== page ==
A better-remembered name is that of George Chalrners, one of the most prominent literary antiquarians of Scotland. This man, whose wonderful "Caledonia" remains a storehouse for writers on Scottish historical matters, was born at Fochabers in 1742, and bred to the legal profession. In 1763 lie sailed for America with a relative who was anxious to recover a large tract of land in Maryland, which had been in the possession of an earlier member of the family. Making his headquarters in Baltimore, Chalmers studied the legal practice of that city, and finally determined to settle there and carry on his profession. There he remained, until the troubles of the Revolution broke out, and when he saw that separation from the mother country was inevitable, or that military rule was to be necessary to keep the country loyal, lie determined to leave it. Settling tip his affairs as best he could, he crossed over to London and began his career as a man of letters. It is singular that Chalmers's American experiences proved unproductive of literary result. He published in 1782 the first volume of 'An Introduction to the History of the Revolt of the Colonies," but the volume was quickly suppressed at his instance, and no more appeared in print. A volume of "Opinions on Interesting Subjects of Public Laws and Commercial Policy, Arising from American Independence," issued in 1784, and a few tracts, complete his literary connection with the United States. Scotland, however, was possibly the gainer by his devotion to themes and studies peculiarly her own, and his editions of her ancient poets, his "Caledonia," his "Life of Mary, Queen of Scots," and many other works of like importance give him a high place among the literary students of the country.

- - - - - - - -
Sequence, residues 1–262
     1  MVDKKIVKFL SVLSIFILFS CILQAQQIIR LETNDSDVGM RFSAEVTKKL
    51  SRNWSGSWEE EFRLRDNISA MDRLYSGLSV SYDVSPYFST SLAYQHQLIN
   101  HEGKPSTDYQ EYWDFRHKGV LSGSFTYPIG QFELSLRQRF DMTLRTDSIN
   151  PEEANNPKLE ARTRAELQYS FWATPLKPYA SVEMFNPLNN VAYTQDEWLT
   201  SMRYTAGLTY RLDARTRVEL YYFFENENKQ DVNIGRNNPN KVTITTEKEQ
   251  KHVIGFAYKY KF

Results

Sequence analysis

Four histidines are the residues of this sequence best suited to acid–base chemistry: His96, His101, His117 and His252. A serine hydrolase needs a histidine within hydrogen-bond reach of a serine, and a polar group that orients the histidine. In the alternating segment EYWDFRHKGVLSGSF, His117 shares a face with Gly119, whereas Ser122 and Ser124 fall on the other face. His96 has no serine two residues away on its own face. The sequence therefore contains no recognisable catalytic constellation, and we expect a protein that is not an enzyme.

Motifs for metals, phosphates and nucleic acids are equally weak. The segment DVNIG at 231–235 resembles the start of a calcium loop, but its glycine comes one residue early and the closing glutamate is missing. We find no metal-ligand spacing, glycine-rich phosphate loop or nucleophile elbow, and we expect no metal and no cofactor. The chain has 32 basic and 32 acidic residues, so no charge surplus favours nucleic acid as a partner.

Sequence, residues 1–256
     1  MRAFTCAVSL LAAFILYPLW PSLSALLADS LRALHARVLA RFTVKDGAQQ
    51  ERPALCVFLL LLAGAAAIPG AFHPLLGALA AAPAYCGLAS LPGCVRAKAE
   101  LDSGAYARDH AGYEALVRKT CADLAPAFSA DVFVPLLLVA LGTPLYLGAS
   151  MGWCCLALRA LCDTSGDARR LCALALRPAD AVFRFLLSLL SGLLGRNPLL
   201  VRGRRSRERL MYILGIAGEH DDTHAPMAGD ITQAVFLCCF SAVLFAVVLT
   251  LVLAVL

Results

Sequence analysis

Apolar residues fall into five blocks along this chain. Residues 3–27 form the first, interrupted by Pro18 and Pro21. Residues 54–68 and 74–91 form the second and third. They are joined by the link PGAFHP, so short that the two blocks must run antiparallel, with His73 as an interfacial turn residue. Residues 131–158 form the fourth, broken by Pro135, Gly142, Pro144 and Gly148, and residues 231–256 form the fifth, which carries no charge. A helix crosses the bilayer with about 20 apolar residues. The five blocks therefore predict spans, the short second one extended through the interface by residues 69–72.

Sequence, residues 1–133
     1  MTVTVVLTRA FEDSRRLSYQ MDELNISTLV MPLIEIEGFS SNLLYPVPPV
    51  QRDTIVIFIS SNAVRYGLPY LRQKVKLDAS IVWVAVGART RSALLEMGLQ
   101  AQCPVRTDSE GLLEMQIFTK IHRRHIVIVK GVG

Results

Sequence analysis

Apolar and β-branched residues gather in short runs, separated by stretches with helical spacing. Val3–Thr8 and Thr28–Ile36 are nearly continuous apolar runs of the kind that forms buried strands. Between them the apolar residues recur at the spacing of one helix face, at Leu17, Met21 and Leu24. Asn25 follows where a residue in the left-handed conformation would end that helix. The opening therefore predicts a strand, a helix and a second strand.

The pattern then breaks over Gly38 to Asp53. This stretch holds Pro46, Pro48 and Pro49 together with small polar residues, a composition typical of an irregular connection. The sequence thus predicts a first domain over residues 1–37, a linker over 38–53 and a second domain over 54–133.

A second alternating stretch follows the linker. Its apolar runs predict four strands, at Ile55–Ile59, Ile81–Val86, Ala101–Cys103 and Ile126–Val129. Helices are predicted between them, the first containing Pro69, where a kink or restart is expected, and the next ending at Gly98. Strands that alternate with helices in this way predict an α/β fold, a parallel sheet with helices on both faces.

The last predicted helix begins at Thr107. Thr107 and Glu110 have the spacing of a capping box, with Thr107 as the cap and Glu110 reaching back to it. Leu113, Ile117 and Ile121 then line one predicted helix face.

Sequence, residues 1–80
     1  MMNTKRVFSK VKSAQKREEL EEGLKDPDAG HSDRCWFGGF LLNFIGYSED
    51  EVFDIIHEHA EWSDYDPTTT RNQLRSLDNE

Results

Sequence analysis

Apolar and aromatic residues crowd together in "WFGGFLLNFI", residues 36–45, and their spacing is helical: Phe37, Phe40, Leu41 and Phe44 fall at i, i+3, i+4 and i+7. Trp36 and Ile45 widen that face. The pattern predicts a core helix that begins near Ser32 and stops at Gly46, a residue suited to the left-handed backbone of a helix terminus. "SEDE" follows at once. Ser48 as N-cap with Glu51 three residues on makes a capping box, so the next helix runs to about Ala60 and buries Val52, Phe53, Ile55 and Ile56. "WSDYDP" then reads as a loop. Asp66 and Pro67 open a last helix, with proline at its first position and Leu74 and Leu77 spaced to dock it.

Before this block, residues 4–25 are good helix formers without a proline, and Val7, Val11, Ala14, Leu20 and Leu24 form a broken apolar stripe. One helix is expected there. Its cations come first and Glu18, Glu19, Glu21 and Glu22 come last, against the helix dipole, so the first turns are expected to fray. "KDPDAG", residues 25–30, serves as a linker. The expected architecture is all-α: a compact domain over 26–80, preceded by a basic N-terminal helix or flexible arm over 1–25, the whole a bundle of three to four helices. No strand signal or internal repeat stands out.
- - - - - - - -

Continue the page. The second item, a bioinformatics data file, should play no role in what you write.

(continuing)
In the case of James Thomas Callender we have the first instance of a Scot whose entire literary life, almost, was given up to the United States, and was developed by the influences at work in the country. He was also one of the pioneers, if not the pioneer, of that style of American journalism which uses declamation and denunciation instead of argument, which is distinguished by the bitterness it displays toward opponents, and seems never happier than when engaged in sneering at and belittling, if not vilifying, whatever does not square with the writer's notions or interests, in Church or State, in religion, manners, or morals. Callender was born at Stirling in 1758. Of his early life little is known until, in 1792, he published at Edinburgh a pamphlet entitled "The Political Progress of Britain." It was a time when the authorities, aroused by the success of the French Revolution and the feeling of dissatisfaction with political conditions which generally prevailed, were keenly bent on suppressing anything that looked like sedition, and Callender's work was judged to fall under that category, and was seized. A warrant was issued for his arrest, but he evaded it by escaping to this country.

Callender reached America in 1793, and settled in Philadelphia. There he published the "Political Register" and the "American Register," but neither appear to have added much to his worldly fortune. Removing to Richmoncl, Va., he established the "Richmond Recorder," which became somewhat of a power in politics. Callender was bitterly outspoken in his opposition to the Administrations of Washington and Adams. His beau ideal of a statesman for a long time was Thomas Jefferson, but toward the end he opposed that patriot's policy as vehemently as lie did those of the early Presidents. A man engaged in newspaper work has little time for anything else than to fulfill its demands, but Callender managed to publish several volumes—"Sketches of American History" being the most noteworthy—all of which show him to have been a writer at once forcible and graceful and possessed of a thorough knowledge of and a keen insight into the passing affairs of his time. His character, however, was not a lovable one. His temper was soured—perhaps by his outlawry in early life—and his work in this country seems really to have been of little passing, and certainly of no permanent, value. He met his death, by drowning, in the James River, near Richmond, in 1813.